Court of Appeal considers duties of legal guardians

News|April 7th 2014

Legal guardians appointed for children involved in court cases should not function as advocates in court, the Court of Appeal has declared.

Guardians represent the interests of children in the family courts and are most often social workers employed by Cafcass. But they may also be representatives of the National Youth Advocacy Service (NYAS), an individual who has been appointed to take on the role or even the Official Solicitor.

In MW and Hertfordshire County Council v A and Others concerned a couple of Polish origin who lived in the UK with their children, who are now aged nearly 10 and seven years of age. The children were raised in a bilingual house. The relationship broke down and the father was arrested and given a life sentence last year for murdering the mother.

At a subsequent hearing before Watford County Court, a judge ruled that the two children should go and live with their maternal aunt and uncle in Poland.

Both Hertfordshire County Council and the children’s imprisoned father appealed against the order. The children’s guardian supported the local authority’s appeal. At the Court of Appeal, Lady Justice Macur noted:

“The father seeks to maintain a relationship with his children and has expressed a desire to have direct contact with them. This is not realistically or reasonably achievable in the short term, if at all, but obviously will be rendered extremely unlikely in the event of the children’s removal from the jurisdiction.

The local authority seeks to maintain the children with their present long term foster carers who have recently and tentatively indicated a wish to be considered as their special guardians. The children’s guardian agrees with the local authority’s care plan. The local authority do not support the children having direct contact with the father at this time, neither does the children’s guardian.”

The maternal aunt and uncle took leave from the job and travelled to England for the appeal. At the earlier hearing they had not been represented but now instructed solicitors, paying them privately.

Lady Justice Macur ruled in their favour, dismissing the appeal. She said:

“The appellants are unable to satisfy me that the judge was wrong in his conclusions as to outcome. There is no merit in any one of the grounds of appeal as drafted…”

She continued:

“I would therefore affirm the judgment of the lower court but vary the order so as to make the children subject to interim care orders, the case to be listed …and in any event prior to 8 April, 2014 to oversee transfer of physical care of the children…the judgment at first instance is plausibly reasoned and, read as a whole, withstands all criticism.”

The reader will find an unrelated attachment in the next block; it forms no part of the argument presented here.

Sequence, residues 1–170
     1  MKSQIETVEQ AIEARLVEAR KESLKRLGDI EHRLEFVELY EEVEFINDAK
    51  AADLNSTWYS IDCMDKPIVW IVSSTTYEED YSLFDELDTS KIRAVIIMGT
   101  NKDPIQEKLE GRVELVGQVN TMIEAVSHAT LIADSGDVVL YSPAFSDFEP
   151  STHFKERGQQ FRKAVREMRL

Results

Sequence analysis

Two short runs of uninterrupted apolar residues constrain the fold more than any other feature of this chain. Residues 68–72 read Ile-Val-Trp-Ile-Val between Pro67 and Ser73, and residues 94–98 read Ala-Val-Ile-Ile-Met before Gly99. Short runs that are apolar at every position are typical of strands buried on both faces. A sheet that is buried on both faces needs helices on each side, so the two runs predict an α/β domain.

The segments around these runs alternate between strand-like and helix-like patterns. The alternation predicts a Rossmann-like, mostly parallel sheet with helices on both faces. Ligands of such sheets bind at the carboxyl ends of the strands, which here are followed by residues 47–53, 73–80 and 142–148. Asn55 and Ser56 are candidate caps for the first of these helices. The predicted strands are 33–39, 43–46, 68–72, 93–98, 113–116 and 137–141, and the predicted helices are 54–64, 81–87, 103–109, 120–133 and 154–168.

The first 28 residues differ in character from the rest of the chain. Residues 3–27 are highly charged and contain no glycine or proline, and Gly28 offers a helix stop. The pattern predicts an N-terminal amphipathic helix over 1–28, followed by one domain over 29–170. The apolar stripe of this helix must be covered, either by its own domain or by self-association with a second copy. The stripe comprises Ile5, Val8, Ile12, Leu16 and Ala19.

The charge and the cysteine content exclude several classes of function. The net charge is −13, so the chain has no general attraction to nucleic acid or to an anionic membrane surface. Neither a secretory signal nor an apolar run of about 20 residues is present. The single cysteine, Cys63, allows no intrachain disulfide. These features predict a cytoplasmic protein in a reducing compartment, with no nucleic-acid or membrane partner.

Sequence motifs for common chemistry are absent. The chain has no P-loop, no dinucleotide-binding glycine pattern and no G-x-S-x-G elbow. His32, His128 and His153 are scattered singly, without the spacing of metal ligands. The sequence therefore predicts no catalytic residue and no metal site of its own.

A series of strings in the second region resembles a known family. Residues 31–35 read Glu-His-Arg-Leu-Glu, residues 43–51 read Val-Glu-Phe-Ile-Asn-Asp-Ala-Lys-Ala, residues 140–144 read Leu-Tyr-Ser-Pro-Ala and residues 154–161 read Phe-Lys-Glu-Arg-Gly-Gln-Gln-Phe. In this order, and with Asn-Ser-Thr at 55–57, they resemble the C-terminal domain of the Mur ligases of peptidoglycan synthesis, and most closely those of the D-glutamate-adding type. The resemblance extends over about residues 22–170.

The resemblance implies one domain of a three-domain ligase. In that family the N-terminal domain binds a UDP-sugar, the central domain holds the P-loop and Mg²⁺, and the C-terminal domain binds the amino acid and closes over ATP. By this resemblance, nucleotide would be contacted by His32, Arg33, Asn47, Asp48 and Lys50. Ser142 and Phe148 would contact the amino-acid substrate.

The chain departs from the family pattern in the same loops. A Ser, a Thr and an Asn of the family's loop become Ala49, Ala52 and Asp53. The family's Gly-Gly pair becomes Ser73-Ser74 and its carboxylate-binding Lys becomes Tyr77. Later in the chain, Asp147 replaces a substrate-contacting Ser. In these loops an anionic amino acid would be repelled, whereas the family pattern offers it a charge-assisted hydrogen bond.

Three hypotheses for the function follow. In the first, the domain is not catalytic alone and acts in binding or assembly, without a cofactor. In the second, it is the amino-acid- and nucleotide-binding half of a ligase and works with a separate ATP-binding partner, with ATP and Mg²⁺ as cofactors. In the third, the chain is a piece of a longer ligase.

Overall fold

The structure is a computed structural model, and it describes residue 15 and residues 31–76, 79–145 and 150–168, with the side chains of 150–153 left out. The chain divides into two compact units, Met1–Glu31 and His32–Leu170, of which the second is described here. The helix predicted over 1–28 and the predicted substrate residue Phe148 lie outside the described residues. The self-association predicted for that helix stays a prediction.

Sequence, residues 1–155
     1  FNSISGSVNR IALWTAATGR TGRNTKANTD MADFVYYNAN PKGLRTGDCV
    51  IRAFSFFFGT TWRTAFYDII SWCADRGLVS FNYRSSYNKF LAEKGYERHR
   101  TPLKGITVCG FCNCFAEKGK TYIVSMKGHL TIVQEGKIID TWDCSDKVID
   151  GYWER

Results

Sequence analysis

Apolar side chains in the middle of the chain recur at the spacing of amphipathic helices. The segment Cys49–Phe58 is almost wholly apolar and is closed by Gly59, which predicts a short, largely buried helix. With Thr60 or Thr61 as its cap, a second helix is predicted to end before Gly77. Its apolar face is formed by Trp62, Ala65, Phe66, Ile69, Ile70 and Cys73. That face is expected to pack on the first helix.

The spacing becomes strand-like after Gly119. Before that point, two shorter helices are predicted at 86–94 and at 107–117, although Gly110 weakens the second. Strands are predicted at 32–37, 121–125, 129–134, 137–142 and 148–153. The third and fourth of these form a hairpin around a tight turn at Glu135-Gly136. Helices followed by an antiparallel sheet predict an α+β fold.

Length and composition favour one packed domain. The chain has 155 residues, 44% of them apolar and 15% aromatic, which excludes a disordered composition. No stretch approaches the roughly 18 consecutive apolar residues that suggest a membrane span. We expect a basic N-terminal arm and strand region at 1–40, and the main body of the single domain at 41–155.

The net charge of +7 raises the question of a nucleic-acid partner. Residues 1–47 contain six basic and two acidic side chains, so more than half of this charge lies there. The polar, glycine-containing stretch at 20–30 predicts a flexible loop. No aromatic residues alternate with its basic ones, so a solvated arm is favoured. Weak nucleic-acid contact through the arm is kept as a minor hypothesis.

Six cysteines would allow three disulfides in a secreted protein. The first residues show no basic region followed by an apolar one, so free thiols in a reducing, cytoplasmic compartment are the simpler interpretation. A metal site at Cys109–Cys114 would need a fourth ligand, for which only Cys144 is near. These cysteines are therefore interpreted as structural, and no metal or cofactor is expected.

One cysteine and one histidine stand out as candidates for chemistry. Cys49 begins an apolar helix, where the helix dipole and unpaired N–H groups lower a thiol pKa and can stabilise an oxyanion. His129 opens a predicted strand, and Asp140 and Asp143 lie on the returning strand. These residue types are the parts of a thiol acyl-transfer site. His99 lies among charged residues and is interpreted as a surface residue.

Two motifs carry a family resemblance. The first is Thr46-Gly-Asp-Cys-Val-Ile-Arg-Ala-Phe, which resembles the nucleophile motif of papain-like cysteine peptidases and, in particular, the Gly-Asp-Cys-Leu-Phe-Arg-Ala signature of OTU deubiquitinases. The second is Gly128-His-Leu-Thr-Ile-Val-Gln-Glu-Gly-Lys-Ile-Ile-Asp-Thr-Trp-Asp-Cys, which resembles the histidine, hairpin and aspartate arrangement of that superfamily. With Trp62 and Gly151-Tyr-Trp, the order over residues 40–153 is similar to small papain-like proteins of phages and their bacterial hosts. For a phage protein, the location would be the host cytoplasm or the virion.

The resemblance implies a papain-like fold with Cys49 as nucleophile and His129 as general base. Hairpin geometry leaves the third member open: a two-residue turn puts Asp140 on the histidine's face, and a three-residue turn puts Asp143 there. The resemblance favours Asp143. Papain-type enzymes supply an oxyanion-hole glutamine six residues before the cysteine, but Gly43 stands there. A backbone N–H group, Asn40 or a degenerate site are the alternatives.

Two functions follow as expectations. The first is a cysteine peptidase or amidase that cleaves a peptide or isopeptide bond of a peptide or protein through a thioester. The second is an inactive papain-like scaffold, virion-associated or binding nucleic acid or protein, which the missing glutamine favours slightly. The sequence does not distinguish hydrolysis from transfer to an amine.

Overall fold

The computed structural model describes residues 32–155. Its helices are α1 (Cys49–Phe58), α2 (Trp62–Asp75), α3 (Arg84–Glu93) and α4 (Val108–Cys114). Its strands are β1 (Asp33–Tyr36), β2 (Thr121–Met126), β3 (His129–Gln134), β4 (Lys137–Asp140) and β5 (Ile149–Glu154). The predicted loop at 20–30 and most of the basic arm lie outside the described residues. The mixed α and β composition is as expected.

Turning to the role of the guardian, Lady Justice Macur said there had been “patent misunderstandings as their standing and status within the proceedings”.

She explained:

“The children’s guardian is not a “neutral” party or participant. When appointed under the Family Procedure Rules (“FPR”) 16.3, as here, the children’s guardian has a duty to safeguard the interests of the child and to present an independent view of the best interests of the child. … Whilst FPR16.20 (2) requires the children’s guardian “must also provide the court with such other assistance as it may require”, quite clearly a court should never request assistance which renders the children’s guardian or their legal representative effectively engaging in advocacy on behalf of a party or witness whose position creates an actual or perceived conflict of interest with that of the child.”

The judge also addressed the issue of unrepresented litigants in person, as the aunt and uncle had been during the earlier hearing.

“The judge’s role in such a case is precarious, he must remain the adjudicator of fact and law and avoid descending into the arena but nevertheless ensure that all reasonable assistance is afforded to the non represented ‘party’ in putting their case. It is unrealistic to require advocates representing other parties who oppose the non represented litigant’s application to assist in promoting it, whether by positive action in the framing of questions to be asked of other parties or a reticence to challenge the contrary evidence. In any event… the inevitable perception of unfairness that an ultimately unsuccessful litigant in person would hold needs no amplification.”

She added:

“An advocate’s professional code will require that they do not seek to gain unfair advantage on behalf of their clients by virtue of the unrepresented status of another.”

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